When we think of beauty, we probably think of some movie star that has a ‘perfect’ body and looks drop-dead gorgeous. Each one of us probably has a movie star we wish we could look like. This outward beauty can be part of the equation, but it doesn’t have to be. You do not have to look like a movie star to be beautiful and I’m hopefully going to prove this to you.
First of all, movie stars are made up to give the perfect image to help a movie make as much money as possible. They have make-up artists, hair stylists and trainers, and then once on the screen they are touched up with computer effects. They are given scripts to learn to be the perfect person for the role. They are not real.
There is nothing wrong with wearing or not wearing make-up. There is nothing wrong with styling your hair or not styling your hair. There is nothing wrong with working out or not working out. There is nothing wrong with having a great wardrobe and there is nothing wrong with preferring to dress comfortably.
Real beauty is a spirit. I have met women that don’t wear makeup, or style their hair or workout that are beautiful. I have met women that do wear makeup, style their hair and workout that are beautiful. I have met men that prioritize grooming and wardrobe that are ‘beautiful’ (yes, the word is feminine, but it can apply to men too), but I have also met men that do not prioritize these things that are beautiful.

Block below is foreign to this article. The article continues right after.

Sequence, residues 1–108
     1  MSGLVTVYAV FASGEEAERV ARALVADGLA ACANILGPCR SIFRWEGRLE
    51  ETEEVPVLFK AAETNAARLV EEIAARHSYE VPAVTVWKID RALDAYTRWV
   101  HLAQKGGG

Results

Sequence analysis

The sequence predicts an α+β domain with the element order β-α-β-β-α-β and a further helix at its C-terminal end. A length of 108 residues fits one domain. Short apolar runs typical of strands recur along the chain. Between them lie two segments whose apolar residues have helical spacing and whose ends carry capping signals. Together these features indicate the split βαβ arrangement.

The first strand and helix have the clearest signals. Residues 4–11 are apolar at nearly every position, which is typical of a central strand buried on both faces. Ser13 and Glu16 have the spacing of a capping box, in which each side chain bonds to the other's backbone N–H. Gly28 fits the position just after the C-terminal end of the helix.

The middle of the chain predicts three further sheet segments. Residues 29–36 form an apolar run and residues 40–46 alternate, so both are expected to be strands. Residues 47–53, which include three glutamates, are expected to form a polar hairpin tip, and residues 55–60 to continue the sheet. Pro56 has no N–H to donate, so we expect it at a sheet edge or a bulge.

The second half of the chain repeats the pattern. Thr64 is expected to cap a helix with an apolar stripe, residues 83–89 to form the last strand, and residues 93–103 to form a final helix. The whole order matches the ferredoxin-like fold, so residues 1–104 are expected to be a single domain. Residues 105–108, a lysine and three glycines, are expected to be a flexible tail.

Think about all the people you know. On first impression they were either attractive or not attractive to your eye, but as you got to know them, they became either more or less attractive depending on their characteristics. Beauty is not about outward looks, and when it is, the judgment is coming from someone that is purely in their ego. They judge based on outward looks only and all the other things that can make a person attractive is overlooked.
Some of the most beautiful people I know do not care about their outward looks and if in a crowd would not be picked out as beautiful.
What are the common denominators of beautiful people?
For one, they are comfortable in their own skin. They accept their looks and like them whether overweight, skinny, tall, short, with or without makeup, with or without a great wardrobe or any outward tool to help them ‘look’ better.
These beautiful people also have integrity and are genuine. They do their best in life. They are not perfect, none of us are, but for the most part they try to do the right thing. When they goof and make a bad decision, it actually adds to their realness.
Beautiful people are kind and considerate. They will go out of the way to open doors for people, they’ll smile and say hi, they’ll strike up conversation out of genuine interest, they’ll hug when someone needs a hug.
Beautiful people are humble. Sometimes they live in a beautiful home or have a beautiful car, sometimes they live in an unattractive apartment and own an unattractive car. It all depends on that person’s preferences. But in all these situations, a person can still be humble, genuine, kind, considerate, have integrity and confident in who they are.